Dorothy Dandridge Overview:

Legendary actress, Dorothy Dandridge, was born Dorothy Jean Dandridge on Nov 9, 1922 in Cleveland, OH. Dandridge died at the age of 42 on Sep 8, 1965 in West Hollywood, CA .

Early Life

Dorothy Jean Dandridge was born November 9, 1922 in Cleveland, Ohio. Her childhood would be far from idyllic. Her father, Cyril, was a minister/cabinet maker while her mother, Rudy, was an aspiring entertainer. Before Dorothy was even born, Rudy left Dorothy's father and took her other daughter, Vivian, with her. Dorothy would never meet her father. After the divorce Rudy would immediately place her dreams of entertainment on her daughters, thrusting them in to show business at a very young age. She created a song-and-dance act for the pair, dubbing them "The Wonder Children."  Also during this time, Dorothy's mother would become romantically involved with her longtime friend, Geneva Williams. Williams would often play the role of disciplinary to the young Dandridge sisters, pushing them to work to the point of exhaustion and cruelly punishing them when they did not meet her standards. The sister would spend five years touring the Southern portion of the United States, missing out on a proper education and a normal childhood. After the Great Depression hit, the two sisters found themselves out of work and by 1930 the Dandridge family moved to Los Angeles in search of more work.

Early Career

Upon arriving is Los Angels, the Dandridge family met another young, aspiring singer, Etta Jones. The soon added her to the"The Wonder Children" lineup and renamed themselves "The Dandridge Sisters." They trio soon began booking gigs all around California, even playing with the Jimmy Lunceford Orchestra and Cab Calloway. During these tours, the Dandridge sisters were confronted with the segregation and racism of the entertainment industry. Although they were allowed to play for white audiences, they often times were not even permitted to eat in the restaurants or use the restrooms of the venues they performed at thanks to the color of their skin.

In 1935 Dandridge made her film debut in the short Teacher's Beau. Two years later the sisters would make an appearance in the Marx Brother's film A Day at the Races. The trio continued to tour California but would soon proved popular outside of the west coast and got booked at the famed Cotton Club. After their successful showing there, they soon were booked at a slew of New York venues, including the famed Apollo Theater in Harlem, New York. Dandridge was just 16 years old. With the sisters becoming an increasingly larger draw, they soon began European tour. However, with the onset of World War Two, the tour was cut short and the sister returned the United States. At this point, Dandridge was in relationship with Harold Nicolas, one half the dancing duo, The Nicolas Brothers and soon help Dandridge get a bit role in the race film Four Shall Die. It was at this time The Dandridge sisters broke up, for Dorothy wished to focus on a solo career.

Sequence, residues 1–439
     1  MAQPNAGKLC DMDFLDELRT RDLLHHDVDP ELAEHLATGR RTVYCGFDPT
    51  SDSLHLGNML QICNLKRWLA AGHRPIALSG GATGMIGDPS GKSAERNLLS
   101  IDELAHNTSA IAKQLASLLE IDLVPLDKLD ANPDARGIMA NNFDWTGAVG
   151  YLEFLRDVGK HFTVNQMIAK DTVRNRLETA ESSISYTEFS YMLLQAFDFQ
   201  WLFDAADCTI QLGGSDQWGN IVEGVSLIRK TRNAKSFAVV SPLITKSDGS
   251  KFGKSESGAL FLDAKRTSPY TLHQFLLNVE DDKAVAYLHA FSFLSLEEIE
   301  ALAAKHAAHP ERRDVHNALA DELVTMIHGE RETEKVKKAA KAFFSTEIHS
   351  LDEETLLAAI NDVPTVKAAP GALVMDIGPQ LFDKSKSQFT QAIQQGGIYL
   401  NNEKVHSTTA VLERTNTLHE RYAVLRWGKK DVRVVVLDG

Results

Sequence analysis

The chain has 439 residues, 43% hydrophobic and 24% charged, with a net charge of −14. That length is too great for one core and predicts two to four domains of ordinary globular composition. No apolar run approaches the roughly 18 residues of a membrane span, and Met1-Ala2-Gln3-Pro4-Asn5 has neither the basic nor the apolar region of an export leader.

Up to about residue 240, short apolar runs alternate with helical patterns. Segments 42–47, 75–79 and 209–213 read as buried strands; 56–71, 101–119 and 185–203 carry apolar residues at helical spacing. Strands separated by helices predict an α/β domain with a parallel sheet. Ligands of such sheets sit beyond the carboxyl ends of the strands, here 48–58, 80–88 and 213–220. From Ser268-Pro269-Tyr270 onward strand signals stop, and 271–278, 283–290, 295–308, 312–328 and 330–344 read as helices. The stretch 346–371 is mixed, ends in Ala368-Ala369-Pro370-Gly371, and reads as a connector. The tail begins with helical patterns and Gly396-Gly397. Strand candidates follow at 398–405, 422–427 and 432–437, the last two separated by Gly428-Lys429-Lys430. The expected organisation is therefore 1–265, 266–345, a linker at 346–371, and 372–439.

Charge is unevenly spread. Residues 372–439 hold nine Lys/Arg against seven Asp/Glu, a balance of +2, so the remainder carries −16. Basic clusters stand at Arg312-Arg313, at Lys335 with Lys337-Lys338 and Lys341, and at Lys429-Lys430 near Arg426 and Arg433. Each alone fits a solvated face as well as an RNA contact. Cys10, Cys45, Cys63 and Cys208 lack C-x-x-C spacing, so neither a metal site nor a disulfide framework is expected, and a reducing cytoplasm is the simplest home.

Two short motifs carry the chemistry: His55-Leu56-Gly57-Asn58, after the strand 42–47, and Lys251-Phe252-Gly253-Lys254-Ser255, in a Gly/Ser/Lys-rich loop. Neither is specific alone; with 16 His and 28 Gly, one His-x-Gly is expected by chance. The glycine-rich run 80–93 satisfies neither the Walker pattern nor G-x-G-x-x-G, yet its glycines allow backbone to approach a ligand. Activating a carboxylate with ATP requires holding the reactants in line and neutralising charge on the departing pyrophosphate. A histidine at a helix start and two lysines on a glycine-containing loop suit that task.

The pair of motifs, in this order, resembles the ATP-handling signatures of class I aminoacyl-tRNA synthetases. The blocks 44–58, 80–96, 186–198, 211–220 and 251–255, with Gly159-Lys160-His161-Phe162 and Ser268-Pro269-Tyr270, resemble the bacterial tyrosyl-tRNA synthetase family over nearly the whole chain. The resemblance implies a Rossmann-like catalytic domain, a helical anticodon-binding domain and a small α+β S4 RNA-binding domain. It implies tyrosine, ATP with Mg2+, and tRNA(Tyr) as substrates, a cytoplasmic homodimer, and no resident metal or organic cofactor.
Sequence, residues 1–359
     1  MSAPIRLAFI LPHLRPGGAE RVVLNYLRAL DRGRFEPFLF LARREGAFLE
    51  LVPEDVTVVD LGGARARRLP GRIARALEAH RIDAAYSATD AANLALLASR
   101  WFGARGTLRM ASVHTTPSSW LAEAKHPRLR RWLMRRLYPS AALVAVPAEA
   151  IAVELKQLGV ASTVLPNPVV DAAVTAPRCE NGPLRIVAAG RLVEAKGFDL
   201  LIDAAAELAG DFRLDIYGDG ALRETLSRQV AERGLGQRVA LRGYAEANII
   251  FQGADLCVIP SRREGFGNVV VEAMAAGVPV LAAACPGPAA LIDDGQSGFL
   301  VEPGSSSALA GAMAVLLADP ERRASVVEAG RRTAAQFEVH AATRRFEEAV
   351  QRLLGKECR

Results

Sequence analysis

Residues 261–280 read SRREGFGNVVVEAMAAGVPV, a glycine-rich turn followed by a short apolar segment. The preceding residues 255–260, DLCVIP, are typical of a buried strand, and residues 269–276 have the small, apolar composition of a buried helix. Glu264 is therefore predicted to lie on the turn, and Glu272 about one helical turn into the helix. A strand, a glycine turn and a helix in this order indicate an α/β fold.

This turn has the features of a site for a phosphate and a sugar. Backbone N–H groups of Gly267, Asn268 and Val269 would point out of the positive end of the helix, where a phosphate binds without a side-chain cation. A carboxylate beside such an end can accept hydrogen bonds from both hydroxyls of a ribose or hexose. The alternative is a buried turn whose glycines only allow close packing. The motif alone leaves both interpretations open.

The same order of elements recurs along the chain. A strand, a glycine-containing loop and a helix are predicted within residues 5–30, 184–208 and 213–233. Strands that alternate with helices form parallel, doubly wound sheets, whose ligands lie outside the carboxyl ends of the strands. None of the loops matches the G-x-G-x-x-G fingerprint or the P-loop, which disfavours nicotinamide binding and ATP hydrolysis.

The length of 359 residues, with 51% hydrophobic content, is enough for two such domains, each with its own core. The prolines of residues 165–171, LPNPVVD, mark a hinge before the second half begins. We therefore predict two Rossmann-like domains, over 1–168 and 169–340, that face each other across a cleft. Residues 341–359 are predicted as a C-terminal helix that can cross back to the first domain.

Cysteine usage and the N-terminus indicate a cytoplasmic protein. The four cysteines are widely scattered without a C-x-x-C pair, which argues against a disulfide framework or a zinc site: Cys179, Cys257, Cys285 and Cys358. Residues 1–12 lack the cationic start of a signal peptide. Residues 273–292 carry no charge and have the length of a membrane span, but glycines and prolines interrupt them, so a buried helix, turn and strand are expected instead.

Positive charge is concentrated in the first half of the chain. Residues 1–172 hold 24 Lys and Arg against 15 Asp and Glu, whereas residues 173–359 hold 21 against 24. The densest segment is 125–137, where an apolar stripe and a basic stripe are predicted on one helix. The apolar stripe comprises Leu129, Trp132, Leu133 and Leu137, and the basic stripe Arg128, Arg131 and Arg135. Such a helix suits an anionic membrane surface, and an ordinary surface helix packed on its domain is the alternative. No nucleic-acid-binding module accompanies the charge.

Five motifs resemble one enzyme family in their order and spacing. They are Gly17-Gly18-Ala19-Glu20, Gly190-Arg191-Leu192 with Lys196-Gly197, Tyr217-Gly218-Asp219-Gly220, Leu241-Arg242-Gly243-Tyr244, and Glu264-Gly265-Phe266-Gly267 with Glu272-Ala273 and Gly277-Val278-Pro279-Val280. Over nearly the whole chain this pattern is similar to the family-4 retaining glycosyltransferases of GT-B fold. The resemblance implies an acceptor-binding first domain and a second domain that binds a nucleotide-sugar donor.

Going Solo

After leaving The Dandridge Sisters, Dorothy began concentrating on her film career. In 1941 she had small role in the John Wayne vehicle Lady From Louisiana. She then appeared in a dance number with now hubby Harold Nicolas in the film Sun Valley Serenade. Their dance routine was cut from many showings in the American South. That same year she had bit roles in films like Sundown and Bahama Passage. In 1942 Dandridge played the supporting role of Princess Malimi in Drums of the Congo but was soon related to small, uncredited roles in films like 1942's Lucky Jordan and 1943's Happy Go Lucky. In 1943 she managed a small but respectable role in Hit Parade of 1943. She would appear in two more films, both released in 1944, before taking an extended break from performance to work on her marriage.

Tragedy and Movie Hiatus

In 1943 Dandridge gave birth to her and Harold's only child, Harolyn. Although it should have been a joyous occasion, it was anything but. When Dandridge went into labor, she was stuck home alone because of her husband's constant touring schedule. As the child grew, Dandridge noticed the child was not developing properly. She couldn't speak, and was unresponsive to most external stimulus. The child would eventually be diagnosed with brain damage that the doctors stated was due to lack of oxygen to the brain during the home delivery. By this Dandridge became aware of her husband's frequent philandering. She became increasingly depressed, blaming herself for her child's mental condition as well as her husband's cheating ways. During this time Dandridge stayed away from the movie business, only appearing as herself in 1945's Pillow to Post. She did, however, sing in nightclubs from time to time to support her daughter's medical needs. It would not be until 1949 that Dandridge would divorce Nicolas and head back to Hollywood.

Return to Performance